Far from settling the question of the United Kingdom’s future, the 2016 Brexit referendum and subsequent negotiations with the European Union (EU) have triggered a full-blown identity crisis and culture war in Britain. Two years after the UK electorate voted by 52 per cent to 48 per cent to withdraw from the EU, it is safe to say that former British prime minister David Cameron’s ploy to settle a long-running niche debate within the Conservative Party has backfired spectacularly.
Brexit has left British political and social life more divided than ever. While the Brexiteers are peddling increasingly divisive — even violent — rhetoric, hundreds of thousands of “Remainers” recently marched through London, calling for a “people’s vote” to approve whatever exit deal the government proposes.
According to a new report from the UK’s National Centre for Social Research, support for or opposition to Brexit is increasingly supplanting party affiliation as the defining factor in British political identities. Specifically, the researchers find that, “Nearly nine in ten members of our panel said that they were either a ‘Remainer’ or a ‘Leaver’, whereas less than two-thirds of them claim to identify with a political party”.
British voters’ growing emotional attachment to Remain or Leave poses a serious challenge to the country’s main political parties, each of which has deep internal divisions over Brexit. And as the recent demonstration in London showed, these disagreements will not be resolved anytime soon. Ironically, the UK is now home to one of the largest grass roots pro-EU movements in Europe. So, even if the UK government can conclude withdrawal negotiations with the EU in the coming weeks, debates within Britain about the future UK-EU relationship will remain intense and protracted.
One way to bridge the divide and heal Britain’s fractured politics is to forge a close but flexible “association agreement” of the kind that the European Parliament has proposed. Association agreements are a proven method of facilitating cross-border cooperation. In the case of Brexit, such an arrangement could protect both the UK government’s “red lines” and the integrity of EU decision-making.
Brexit has had a profound effect on EU politics, too. Polling commissioned by the European Parliament finds that overall support for EU membership has increased significantly since the Brexit referendum. Deepening divisions within the UK and a painful divorce process seem to have raised awareness about the benefits of EU membership and the costs of populism, while galvanising all those who still favour an open society.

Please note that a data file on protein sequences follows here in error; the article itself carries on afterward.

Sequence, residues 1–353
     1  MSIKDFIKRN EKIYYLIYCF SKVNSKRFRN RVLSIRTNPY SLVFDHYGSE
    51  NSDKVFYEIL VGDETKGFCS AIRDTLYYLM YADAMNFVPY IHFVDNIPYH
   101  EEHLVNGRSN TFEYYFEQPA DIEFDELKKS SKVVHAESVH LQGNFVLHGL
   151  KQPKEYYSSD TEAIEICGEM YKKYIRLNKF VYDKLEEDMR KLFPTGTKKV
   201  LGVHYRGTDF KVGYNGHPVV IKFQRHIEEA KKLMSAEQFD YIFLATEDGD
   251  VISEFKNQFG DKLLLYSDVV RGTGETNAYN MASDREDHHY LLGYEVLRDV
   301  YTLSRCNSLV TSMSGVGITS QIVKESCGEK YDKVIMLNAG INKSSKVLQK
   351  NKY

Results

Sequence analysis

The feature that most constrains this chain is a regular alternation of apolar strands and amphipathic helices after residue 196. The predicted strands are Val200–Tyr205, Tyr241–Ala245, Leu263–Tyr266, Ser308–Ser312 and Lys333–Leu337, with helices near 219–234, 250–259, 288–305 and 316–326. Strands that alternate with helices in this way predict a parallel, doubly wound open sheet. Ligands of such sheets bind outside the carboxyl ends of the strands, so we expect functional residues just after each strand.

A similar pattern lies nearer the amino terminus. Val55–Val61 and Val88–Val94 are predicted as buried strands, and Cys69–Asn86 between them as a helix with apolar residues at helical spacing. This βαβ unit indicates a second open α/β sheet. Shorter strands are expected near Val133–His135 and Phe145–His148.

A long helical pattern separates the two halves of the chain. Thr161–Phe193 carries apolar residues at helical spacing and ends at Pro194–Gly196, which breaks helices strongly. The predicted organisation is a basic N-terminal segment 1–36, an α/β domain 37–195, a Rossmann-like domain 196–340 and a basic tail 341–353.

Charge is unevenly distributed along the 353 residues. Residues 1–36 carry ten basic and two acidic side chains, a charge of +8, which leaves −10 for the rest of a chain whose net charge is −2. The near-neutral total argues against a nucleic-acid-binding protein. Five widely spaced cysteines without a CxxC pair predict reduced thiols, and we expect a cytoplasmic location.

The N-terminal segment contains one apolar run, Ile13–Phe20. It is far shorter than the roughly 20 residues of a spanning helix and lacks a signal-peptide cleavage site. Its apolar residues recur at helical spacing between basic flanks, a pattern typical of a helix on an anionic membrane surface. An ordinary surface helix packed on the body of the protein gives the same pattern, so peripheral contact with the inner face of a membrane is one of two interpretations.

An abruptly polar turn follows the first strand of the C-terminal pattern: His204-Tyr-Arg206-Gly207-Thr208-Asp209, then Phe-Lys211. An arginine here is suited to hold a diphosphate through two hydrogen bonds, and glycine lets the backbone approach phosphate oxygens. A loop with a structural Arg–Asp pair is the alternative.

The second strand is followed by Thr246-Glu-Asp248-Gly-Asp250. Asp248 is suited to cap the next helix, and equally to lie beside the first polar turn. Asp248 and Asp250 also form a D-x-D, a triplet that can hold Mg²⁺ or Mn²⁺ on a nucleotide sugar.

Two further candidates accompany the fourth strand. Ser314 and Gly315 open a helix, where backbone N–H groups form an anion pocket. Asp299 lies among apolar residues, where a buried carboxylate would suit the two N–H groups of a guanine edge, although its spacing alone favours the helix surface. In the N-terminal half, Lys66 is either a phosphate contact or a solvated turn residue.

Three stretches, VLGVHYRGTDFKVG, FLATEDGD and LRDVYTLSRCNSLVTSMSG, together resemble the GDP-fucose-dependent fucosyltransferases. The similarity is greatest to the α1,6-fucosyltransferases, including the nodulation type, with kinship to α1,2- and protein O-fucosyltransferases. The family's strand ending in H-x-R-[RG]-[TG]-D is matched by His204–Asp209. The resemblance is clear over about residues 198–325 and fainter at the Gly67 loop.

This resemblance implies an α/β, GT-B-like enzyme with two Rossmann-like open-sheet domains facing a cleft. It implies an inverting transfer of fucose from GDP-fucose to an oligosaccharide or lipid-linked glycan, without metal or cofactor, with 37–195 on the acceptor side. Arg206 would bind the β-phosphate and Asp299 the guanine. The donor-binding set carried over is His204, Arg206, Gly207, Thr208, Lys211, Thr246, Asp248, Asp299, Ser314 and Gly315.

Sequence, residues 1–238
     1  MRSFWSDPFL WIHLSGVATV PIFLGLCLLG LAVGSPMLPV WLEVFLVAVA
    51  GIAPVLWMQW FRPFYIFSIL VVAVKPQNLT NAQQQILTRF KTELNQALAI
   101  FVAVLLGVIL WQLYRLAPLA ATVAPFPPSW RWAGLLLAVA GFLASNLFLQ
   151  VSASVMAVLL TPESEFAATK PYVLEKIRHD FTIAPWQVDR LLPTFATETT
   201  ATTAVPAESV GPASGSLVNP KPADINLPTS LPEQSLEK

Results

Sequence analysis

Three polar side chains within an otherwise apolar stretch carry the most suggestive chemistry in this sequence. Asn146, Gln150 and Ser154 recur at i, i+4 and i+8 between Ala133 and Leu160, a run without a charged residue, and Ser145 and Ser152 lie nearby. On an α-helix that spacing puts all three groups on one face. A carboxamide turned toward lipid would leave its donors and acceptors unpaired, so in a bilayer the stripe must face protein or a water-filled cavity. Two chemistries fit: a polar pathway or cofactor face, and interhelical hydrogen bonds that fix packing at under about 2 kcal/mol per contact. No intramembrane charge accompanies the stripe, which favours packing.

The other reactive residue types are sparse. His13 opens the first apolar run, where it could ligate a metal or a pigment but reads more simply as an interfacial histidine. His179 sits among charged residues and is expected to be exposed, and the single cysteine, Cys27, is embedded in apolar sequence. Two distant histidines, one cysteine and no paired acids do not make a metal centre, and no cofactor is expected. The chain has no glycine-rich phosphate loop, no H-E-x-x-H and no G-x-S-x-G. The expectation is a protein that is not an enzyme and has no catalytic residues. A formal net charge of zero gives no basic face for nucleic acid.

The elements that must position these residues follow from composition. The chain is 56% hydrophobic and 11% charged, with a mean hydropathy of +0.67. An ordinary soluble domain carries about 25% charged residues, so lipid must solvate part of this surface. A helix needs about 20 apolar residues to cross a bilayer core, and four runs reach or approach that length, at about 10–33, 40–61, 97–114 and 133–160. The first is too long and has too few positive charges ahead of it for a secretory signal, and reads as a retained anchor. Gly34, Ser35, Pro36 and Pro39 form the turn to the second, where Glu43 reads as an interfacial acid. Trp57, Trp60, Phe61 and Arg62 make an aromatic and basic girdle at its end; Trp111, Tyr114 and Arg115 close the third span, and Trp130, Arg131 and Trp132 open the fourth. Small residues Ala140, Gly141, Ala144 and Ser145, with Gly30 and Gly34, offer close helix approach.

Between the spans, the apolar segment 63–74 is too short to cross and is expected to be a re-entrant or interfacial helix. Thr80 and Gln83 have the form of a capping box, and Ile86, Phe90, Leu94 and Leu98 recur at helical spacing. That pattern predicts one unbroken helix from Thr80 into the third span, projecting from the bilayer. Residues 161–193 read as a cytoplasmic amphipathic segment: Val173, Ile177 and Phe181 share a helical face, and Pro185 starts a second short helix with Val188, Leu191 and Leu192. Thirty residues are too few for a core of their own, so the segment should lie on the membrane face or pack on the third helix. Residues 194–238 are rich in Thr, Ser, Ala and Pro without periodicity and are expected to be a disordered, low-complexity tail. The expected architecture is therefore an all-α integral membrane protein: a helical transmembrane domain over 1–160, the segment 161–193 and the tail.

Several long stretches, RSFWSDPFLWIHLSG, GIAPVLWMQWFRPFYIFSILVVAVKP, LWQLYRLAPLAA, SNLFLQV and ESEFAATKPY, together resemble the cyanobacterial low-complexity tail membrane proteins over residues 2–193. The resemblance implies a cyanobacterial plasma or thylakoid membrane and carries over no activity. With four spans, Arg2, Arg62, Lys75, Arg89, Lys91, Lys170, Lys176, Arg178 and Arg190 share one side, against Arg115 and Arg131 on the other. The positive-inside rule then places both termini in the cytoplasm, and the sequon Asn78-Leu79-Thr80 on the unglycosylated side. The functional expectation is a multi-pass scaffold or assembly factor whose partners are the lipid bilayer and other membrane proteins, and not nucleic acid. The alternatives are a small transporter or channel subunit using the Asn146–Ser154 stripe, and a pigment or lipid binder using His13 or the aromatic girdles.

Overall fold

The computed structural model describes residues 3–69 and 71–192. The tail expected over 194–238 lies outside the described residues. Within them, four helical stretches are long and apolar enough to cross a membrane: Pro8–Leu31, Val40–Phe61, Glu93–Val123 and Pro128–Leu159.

Recent political developments seem to bear out these findings. Although the Euroskeptic Swedish Democrats had been tipped to make significant gains in Sweden’s general election in September, more moderate parties routed them. And as support for EU membership has increased, the Swedish Democrats have had to back away from advocating a full EU exit.
Similarly, though Italy’s populists, led by the right-wing League party leader Matteo Salvini, have stepped up their propaganda against “Brussels”, they have also had to retreat from their previous position of supporting an Italian exit from the EU or the Eurozone.
These examples would seem to indicate a shift in continental Euroscepticism. Anti-EU parties have abandoned openly advocating the bloc’s destruction and begun to focus more on pushing centre-right parties towards the populist and nationalist extremes.
To defeat these parties, centrists, liberals and democrats need to do more than defend the status quo. They also must demonstrate that by opposing solutions to common European problems, populists are putting their narrow personal and political interests ahead of “the people’s” interests. Even more to the point, pro-Europeans must offer practical solutions to voters’ concerns about migration and unemployment.
The recent regional elections in Bavaria and Hesse, and German Chancellor Angela Merkel’s announced retirement, have underscored the crisis of traditional centre-left and centre-right parties. As mainstream parties struggle to adapt to voters’ frustrations and the new polarisation of European politics, smaller parties have expanded their reach by offering more succinct visions for change.
But these smaller parties are not limited to upstart nationalist movements such as the Alternative fur Deutschland (AfD) in Germany. Recent municipal elections across Poland have shown that Liberal-Democratic parties are more than capable of hitting back against populism. Despite the ruling right-wing Law and Justice (Pis) party’s politicisation of the press, centrist, pro-European candidates made significant gains.
Brexit, the rise of populists like United States President Donald Trump, and profound changes in the media through which politicians interact with voters have left established political identities more fragmented than ever. But just as this has created an opening for populists, it also presents opportunities for those seeking to form new national and pan-European movements centred around EU values.
Europe’s people are hungry for change. Now is the time for the majority of Europeans who still support EU membership to make themselves heard.
— Project Syndicate, 2018
Guy Verhofstadt is also the president of the Alliance of Liberals and Democrats for Europe Group (ALDE) in the European Parliament.